LinkedIn removes the email address requirement for new connections - will we all now be spammed by connection invites?
April 30, 2007
UPDATE 4 May 07:It turns out there is now a setting in your LinkedIn account where you can return to requiring an email address.
So will we all now be spammed (more than before) by LinkedIn connection requests?
I've been a LinkedIn user since about 2004 or so and have found it quite useful, primarily to stay in touch with friends and former colleagues as we all change and evolve over time. But one of the things that I personally liked about LinkedIn was the fact that in order to add someone as a connection, you had to know that person's email address. A simple thing, yet one way to increasing the level of trust within the LinkedIn network and preventing a degree of spam. You couldn't just add anyone - you had to at least know their email address.
Now there were problems, naturally. Those of us who publicly post an email address on blogs, websites, etc., have always been subject to people we don't know who would send LinkedIn connection invitations. Also a certain class of LinkedIn users who really focused on estabilishing the most connections simply put their email address in their publicly visibile LinkedIn profile name, thus allowing anyone to defeat the email address requirement and request a connection. And certainly I found myself frustrated by finding ex-colleagues in LinkedIn, but having no current email address to easily use to connect with them.
The more "pure" LinkedIn approach to the latter issue would simply be to send a connection request to the ex-colleague by way of one of your connections. I actually did this in several cases and it generally worked fine. But this really only worked if the person you were using as the relay was a frequent LinkedIn user and would pass along the request with some degree of speed. Otherwise, it might take some time - or never get there (as two of mine never did).
LinkedIn also attempted to make this easier with their "Introductions" feature, where you could send an "Introduction" directly to someone without knowing their address or using someone as a relay. As a (free) basic user you got 5 of these "Introductions" that you could use at any one time - or you could upgrade (as shown on right) to get more Introductions. I also did use this service as a way to connect to an ex-colleague and it worked fine.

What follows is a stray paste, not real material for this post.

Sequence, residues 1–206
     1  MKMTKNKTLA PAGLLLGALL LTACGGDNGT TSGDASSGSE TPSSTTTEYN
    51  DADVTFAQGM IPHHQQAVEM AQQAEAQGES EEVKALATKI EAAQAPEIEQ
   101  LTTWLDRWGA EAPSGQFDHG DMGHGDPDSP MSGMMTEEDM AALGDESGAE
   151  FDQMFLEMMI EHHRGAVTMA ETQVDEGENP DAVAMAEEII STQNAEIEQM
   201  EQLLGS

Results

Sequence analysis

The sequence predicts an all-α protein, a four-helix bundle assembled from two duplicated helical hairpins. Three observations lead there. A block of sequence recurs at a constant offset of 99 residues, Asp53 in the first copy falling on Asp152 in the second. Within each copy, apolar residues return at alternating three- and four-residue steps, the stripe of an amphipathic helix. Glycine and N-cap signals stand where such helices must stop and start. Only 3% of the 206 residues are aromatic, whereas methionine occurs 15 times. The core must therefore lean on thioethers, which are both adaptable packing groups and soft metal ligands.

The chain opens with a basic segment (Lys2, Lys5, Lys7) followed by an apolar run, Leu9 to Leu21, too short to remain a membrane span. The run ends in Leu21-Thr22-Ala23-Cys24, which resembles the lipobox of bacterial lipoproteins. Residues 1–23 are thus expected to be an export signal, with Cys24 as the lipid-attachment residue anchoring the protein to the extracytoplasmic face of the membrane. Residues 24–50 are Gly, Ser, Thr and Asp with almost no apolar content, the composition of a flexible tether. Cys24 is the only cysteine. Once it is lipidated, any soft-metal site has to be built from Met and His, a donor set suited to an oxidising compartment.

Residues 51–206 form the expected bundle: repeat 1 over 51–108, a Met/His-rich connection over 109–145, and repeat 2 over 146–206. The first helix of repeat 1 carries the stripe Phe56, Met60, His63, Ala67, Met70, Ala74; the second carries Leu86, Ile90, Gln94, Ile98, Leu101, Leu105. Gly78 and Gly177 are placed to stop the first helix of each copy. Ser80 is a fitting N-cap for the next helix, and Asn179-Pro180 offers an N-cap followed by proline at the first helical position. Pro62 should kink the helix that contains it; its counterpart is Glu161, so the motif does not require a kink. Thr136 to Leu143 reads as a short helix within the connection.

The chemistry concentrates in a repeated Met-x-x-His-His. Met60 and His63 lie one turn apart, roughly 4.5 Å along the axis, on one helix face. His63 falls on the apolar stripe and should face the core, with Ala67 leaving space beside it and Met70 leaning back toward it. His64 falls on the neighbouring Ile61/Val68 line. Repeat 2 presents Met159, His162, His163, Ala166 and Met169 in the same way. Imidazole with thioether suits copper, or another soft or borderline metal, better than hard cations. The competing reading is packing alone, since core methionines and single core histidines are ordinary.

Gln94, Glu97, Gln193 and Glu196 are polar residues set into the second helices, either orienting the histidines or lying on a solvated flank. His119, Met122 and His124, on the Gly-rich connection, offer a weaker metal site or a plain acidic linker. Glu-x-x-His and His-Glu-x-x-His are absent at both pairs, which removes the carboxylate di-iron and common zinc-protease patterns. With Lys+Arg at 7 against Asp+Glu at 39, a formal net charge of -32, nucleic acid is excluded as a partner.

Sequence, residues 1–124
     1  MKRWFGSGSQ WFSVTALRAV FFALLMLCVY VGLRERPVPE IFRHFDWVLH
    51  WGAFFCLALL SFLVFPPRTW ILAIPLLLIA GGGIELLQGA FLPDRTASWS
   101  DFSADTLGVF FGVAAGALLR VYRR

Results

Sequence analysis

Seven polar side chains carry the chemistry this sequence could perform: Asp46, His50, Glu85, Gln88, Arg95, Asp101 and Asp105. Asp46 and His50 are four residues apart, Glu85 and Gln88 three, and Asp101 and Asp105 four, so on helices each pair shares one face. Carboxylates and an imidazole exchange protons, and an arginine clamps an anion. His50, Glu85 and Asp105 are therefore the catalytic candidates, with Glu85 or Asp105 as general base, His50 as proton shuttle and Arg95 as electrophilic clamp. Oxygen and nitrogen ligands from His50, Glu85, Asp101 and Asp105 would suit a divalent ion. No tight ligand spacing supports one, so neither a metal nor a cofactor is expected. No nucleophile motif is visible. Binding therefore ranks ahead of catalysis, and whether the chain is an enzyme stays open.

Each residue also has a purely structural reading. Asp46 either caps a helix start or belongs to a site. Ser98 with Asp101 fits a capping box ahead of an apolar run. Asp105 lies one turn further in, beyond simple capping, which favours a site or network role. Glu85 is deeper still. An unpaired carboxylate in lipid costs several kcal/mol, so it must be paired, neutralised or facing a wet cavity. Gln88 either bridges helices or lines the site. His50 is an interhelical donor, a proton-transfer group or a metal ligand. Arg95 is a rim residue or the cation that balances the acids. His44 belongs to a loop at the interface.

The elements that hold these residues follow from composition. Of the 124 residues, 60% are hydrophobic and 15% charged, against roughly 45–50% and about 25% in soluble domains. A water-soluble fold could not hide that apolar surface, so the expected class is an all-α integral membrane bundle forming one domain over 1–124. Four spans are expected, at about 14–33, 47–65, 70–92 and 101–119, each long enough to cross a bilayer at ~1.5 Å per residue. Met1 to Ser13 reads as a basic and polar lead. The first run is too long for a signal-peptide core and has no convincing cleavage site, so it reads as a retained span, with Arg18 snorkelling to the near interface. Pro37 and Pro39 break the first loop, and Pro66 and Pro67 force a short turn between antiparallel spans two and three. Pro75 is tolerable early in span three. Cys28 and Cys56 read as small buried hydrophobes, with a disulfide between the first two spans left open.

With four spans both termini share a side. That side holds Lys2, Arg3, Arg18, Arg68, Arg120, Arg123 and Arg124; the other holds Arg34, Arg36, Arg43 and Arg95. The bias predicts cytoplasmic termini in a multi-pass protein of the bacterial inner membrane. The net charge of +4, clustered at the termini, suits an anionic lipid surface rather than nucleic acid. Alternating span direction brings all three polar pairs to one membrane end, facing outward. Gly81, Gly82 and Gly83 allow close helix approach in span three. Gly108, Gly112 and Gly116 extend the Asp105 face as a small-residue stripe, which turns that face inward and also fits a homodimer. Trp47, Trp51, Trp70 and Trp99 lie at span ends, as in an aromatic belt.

However, while LinkedIn had this requirement to establish a connection, competitor Xing (formerly OpenBC) did not... and then of course Facebook and MySpace do not, either. With a zillion new social networking services seeming to be announced each week, I suppose it was inevitable that this email address requirement would come to be seen as a barrier and was perhaps impacting LinkedIn's take-up rate.
In any event, the email address requirement seems to be completely gone today.
Maybe it's a glitch, but just this morning I accepted a LinkedIn invitation and, as I often do, browsed the person's connections to see if I knew anyone. I did, and so I viewed the profiles and clicked on the "add this person as a connection" link that appeared on screen after the text "Do you know this person?" I did this three times.
It was only then that I realized that I had never provided any email addresses. My invitations just went off. Thinking it was an error, I looked up two ex-colleagues whose email addresses I no longer have and sent them invitations. Same thing. No email address required.
On the one hand, I don't mind the change since it does make it easier to connect with people - and all the other services don't impose that requirement. But the other part of me says... uh, oh... now anyone inside of LinkedIn can send me a connection invite without doing any work to find my address - will I now be spammed by more people that I don't know?
We'll see... if you are a LinkedIn user, odds are that if this is true you'll probably be seeing more connection invitations!
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